Japan is currently exploring the possibilities to integrate 15 major shipyards in the country under a so-called All Japan Shipbuilding merger plan, following similar steps by neighbouring shipbuilding rival countries China and South Korea, local financial newswire Nikkei is reporting.
The merger plan comes after Japan’s largest two shipbuilders – Imabari Shipbuilding and Japan Marine United (JMU) – declared in December they would form an alliance and enter into a capital tie-up.
To move forward with the tie-up, Imabari and JMU recently announced that they would form a joint venture by March 31, 2021, to integrate sales and design business for bulker and tankers. Imabari and JMU will hold 51% and 49% shares in the joint venture respectively.
The All Japan Shipbuilding merger plan is led by Japan’s Ministry of Land, Infrastructure, Transport and Tourism (MLIT), which has entered preliminary discussions with some domestic yards.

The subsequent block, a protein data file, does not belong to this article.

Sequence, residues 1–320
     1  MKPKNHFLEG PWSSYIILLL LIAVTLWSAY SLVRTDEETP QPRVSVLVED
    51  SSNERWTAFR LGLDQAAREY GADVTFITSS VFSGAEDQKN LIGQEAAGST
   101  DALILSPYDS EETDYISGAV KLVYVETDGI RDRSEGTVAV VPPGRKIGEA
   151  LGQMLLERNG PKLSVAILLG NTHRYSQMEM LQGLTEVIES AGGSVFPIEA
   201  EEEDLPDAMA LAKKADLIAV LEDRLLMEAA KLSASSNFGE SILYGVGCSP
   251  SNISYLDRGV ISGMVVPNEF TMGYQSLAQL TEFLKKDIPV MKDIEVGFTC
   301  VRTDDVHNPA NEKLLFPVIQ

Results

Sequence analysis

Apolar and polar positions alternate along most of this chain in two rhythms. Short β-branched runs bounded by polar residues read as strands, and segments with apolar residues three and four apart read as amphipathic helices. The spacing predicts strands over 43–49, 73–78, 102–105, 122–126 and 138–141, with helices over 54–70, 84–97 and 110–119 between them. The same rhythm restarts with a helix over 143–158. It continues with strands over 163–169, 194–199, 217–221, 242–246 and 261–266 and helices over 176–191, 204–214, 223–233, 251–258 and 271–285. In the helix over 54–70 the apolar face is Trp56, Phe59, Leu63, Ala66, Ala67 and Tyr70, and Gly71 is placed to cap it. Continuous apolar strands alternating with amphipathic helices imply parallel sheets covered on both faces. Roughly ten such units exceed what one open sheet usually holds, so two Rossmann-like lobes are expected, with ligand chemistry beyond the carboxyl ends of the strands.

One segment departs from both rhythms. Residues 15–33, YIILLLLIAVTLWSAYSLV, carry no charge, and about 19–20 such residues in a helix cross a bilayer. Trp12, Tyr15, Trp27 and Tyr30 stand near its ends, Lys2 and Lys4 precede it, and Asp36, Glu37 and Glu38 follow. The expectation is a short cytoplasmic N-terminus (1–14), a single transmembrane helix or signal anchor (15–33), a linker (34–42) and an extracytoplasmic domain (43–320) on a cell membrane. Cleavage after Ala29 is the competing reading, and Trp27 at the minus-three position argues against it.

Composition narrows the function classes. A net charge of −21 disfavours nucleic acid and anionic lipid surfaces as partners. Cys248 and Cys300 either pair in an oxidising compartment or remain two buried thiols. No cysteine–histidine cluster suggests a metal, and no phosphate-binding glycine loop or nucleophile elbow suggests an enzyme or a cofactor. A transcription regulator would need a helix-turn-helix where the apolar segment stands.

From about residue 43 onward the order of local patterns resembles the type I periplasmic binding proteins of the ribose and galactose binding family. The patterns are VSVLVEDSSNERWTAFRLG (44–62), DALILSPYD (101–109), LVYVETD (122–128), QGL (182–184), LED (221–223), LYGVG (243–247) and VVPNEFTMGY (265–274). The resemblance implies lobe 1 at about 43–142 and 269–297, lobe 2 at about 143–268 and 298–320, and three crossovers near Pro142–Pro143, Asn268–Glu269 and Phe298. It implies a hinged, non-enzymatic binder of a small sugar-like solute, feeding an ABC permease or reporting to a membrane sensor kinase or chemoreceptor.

Besides the tie-up between Imabari and JMU, Mitsubishi Heavy Industries also announced a plan at the end of last year to sell one of its largest yards to compatriot Oshima Shipbuilding. Another two major Japanese shipbuilders Mitsui E&S and Tsuneishi Shipbuilding both have a shipbuilding presence in China and the two entered into business partnership for commercial shipbuilding back in 2018.
Japan is currently the third largest shipbuilding nation in the world after South Korea and China. It had been the largest shipbuilding nation in the world through to the turn of the century at which point cheaper neighbouring rivals expanded at its expense.
Last year, the two largest shipbuilding groups in China – CSSC and CSIC – started a merger by creating China Shipbuilding Group, while two major South Korean yards – Hyundai Heavy Industries (HHI) and DSME – are also in the process of merging.
In February, the Japanese government filed a petition at the World Trade Organization (WTO), questioning the legitimacy of the merger between HHI and DSME.